The Significant Special Sounds of Table Tennis

I come from a long line of ancestors who have “moderate to severe” hearing loss. I learned early, that to communicate with one branch of the family I would have to crank up the volume, especially with older aunts and uncles. This occasionally carried over to other family groups, who may have wondered why I was yelling at them. My own auditory perception has been deteriorating for years. I think if I was totally deaf, I would greatly miss familiar voices, music, and the sounds of table tennis; in that order. My playing ability might also be affected. We probably underestimate the significance of sound in table tennis. I’ve always liked table tennis, but I really began to love it when I first heard the sound of really loud speed glued rubber.

Some rackets are still loud. It greatly depends on the type of blade, how soft the rubber is, the thickness of the rubber, and if the rubber has been boosted. The “corking” sound of boosted rubber is sometimes used as a selling point. Rubber that’s advertised to play like it’s speed glued won’t really live up to the hype if it doesn’t sound like it’s speed glued. Obviously, a racket will sound louder if the ball is hit harder, but a racket with nice sound won’t be dependent on the power of the player. Even soft shots will provide some aural feedback. If you really want to hear the ball, hard-bat paddles will create a sound that seems foreign, and somewhat quaint compared to the sounds of the modern game.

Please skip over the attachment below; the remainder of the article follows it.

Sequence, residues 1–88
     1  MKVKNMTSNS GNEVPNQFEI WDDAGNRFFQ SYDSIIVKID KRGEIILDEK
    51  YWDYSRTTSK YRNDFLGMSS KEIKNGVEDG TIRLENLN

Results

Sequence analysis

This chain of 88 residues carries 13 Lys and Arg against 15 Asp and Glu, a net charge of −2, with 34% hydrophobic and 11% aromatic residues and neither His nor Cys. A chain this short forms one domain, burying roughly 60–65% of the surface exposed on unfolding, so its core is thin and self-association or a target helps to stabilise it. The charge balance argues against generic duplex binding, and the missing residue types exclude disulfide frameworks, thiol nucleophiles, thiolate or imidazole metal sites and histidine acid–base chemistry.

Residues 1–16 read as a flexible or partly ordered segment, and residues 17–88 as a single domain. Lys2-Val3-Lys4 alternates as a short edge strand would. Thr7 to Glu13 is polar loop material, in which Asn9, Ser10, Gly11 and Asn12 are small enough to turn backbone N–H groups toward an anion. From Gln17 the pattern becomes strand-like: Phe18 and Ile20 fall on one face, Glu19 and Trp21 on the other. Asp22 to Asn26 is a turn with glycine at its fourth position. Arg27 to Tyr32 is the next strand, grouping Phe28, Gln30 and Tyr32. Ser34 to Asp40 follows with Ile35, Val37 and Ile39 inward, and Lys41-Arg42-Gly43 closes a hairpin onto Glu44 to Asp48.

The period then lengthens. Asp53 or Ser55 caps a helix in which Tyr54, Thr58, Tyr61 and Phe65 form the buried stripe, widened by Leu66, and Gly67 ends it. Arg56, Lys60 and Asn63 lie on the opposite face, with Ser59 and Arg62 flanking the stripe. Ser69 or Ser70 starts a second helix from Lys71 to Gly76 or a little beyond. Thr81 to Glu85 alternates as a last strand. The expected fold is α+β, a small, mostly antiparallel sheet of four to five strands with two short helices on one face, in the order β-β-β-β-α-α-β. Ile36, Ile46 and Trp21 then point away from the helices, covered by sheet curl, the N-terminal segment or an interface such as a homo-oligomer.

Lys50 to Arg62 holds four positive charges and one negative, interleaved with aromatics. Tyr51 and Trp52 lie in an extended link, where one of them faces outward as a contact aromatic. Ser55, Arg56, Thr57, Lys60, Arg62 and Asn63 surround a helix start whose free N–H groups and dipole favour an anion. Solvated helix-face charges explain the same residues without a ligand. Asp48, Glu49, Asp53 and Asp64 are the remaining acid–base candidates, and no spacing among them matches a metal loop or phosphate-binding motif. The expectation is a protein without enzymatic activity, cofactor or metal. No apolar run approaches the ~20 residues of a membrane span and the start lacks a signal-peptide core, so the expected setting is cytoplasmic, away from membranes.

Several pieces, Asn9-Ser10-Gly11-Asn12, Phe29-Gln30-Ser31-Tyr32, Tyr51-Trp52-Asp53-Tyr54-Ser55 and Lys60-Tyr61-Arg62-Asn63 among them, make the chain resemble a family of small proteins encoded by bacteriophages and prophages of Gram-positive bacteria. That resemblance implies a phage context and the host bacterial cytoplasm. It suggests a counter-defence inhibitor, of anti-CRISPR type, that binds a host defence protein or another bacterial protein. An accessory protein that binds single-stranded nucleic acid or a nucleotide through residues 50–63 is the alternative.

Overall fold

Background noise can also affect players ability to pick up on the sounds of the game. Most players learn to block out distracting noises, but really loud venues are often difficult to deal with. If you’ve ever played in an empty gym, with only you and your opponent, you can appreciate the value of great acoustics, and total absence of distractions.┬áThe sounds of table tennis are important because they provide information about speed and spin. Some shots should not be very loud. Big strokes with soft sounds usually mean extra spin. Senses of touch and sight coordinate with the sense of hearing, and we play our shots based on that information. Our sport has a special sound. That’s pretty significant.

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